It’s great scratch for a .06 appointment, to be sure, but it’s probably the case of U-M paying a big time lawyer to do a class for a few hours a week. Also might not come from the general fund, eg. taxpayer dollars. The hospital chief’s salary, for instance, comes out of hospital revenues.

  6. Statement from Occupy Ann Arbor


    This Friday, January 27, President Obama will speak at the University of Michigan Al Glick Field House. Obama’s visit could not be more timely. As tuition costs rise, University President Mary Sue Coleman
    is becoming a vocal champion of market-driven “solutions” to decreased state funding. Last month, Coleman wrote an open letter to Obama in which she called on university presidents, business leaders, and wealthy individuals to tackle the rising costs of higher education.

    It is becoming increasingly evident that leaders such as Obama and Coleman see education, less as a public good necessary for the health of our democracy, and more as an “investment” in straightening US
    competitiveness in the global marketplace. At a time when the global economy is in crisis, Coleman’s aim to employ educational institutions in service of revitalizing the US economy may seem noble, but her market-centric language betrays her real priorities. When Coleman states that American business “has a vested interest in the talent and research embodied in higher education,” it becomes clear that she and her allies on Wall Street and in the US Chamber of Commerce want an educational system that serves the interests of the 1% over the rest of us.

    Obama’s visit comes as Coleman calls for heightened collaboration between University and business leaders. UM is re-purposing ex-Pfizer properties to house researchers conducting corporate-friendly research and faculty “entrepreneurs” engaged in University-sponsored startup ventures. Coleman calls on wealthy alumni and “philanthropists” to contribute to University endowments, which in turn are invested on Wall Street and used to fund business ventures. These initiatives represent the same failed policies of corporate and political elites to drain public resources and impose austerity, all the while
    benefiting the 1%, whom our leaders have been quick to praise as “job creators.”

    We call on the people of Ann Arbor, as well as on the UM community to stand in solidarity against the corporatization and control of public education by the 1%. We call on everyone to see President Coleman’s promotion of “entrepreneurship,” capital investment, and “philanthropy” in the face of neoliberal austerity as intimately connected to the myriad policies that have unjustly concentrated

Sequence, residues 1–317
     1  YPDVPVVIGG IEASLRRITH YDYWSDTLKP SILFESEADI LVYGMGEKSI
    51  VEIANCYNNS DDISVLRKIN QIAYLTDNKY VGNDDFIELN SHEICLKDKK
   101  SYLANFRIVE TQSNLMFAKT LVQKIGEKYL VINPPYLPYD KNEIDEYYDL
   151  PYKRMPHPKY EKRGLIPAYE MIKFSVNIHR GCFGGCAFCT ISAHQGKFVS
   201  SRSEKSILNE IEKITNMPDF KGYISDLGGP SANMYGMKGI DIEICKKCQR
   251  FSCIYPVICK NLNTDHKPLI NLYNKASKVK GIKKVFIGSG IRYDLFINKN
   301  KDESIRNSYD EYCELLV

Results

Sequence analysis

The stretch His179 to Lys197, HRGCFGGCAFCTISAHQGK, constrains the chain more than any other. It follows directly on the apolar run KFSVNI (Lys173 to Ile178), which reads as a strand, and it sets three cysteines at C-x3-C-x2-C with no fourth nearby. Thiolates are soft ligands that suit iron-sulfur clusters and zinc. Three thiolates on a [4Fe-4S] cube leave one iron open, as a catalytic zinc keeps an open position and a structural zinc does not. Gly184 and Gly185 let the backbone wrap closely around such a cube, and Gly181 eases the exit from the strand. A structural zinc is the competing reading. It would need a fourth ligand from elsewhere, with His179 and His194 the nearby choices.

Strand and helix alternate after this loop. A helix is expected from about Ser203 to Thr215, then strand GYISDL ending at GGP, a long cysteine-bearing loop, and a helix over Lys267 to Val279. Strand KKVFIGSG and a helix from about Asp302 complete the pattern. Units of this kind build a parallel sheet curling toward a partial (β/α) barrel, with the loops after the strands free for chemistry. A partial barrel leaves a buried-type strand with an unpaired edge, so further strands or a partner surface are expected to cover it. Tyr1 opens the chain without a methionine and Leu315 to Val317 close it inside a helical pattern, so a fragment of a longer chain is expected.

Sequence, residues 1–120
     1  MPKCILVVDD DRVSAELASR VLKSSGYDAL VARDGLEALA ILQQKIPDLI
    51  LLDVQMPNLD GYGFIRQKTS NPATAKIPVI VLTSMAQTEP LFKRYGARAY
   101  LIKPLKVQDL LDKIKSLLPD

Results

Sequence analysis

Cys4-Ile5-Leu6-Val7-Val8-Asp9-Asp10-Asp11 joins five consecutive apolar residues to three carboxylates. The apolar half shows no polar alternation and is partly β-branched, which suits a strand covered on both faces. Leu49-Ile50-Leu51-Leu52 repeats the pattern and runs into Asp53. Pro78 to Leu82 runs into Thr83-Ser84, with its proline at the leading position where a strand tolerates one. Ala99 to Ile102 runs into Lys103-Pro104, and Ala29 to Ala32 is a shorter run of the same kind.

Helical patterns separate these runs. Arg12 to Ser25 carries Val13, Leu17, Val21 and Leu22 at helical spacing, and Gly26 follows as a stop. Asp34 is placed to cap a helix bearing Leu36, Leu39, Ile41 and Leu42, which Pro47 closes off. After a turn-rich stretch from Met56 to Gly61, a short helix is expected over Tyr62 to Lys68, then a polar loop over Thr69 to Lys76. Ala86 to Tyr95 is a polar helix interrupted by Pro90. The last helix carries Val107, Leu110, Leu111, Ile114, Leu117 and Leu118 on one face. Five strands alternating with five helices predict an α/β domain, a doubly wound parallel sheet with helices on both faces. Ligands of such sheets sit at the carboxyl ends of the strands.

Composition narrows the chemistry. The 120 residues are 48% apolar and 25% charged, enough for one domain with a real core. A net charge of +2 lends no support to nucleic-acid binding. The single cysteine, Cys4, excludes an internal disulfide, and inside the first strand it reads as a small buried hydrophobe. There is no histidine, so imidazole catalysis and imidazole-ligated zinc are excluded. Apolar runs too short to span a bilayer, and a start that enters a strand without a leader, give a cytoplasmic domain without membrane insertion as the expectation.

wealth in the hands of a small elite. We call on various groups to organize actions around the University’s crackdown on organized labor and to actively resist the pro-corporate policies of the Coleman administration. We are the 99% and we stand for education that serves everyone, not simply those with the deepest pockets.

  7. Before we get our knickers all in a knot, I have some doubts about the accuracy of these figures. I personally know several of the people on this list and the jobs thay have at the U. I really don’t think those salaries are correct. It might be helpful if those named would confirm or deny the numbers?

    • @Denise the salary figures come from the 2011 UM salary spreadsheet made available by the University. Remember that some salaries as BHall points out are pro-rata, but you can go to this link and download the 2011 file in PDF format: http://hr.umich.edu/hrris/reports/standard.html. The U of M Digital collection has the salary spreadsheets in XLS format, as well. An official at the University of Michigan confirmed the accuracy of the data.

  8. “Outlandish” is indeed the word for these salaries. Along with, perhaps, “obscene”.

    When I contemplate stuff like this, combined with that multi-bazillion-dollar new city hall building, and the multi-bazillion-dollar new library parking structure, I wonder how in the hell Washtenaw County — obviously filthy rich — can tolerate ANY homeless population at all, and call itself compassionate. Well, perhaps no one in WC seriously calls him/herself compassionate. That would add up.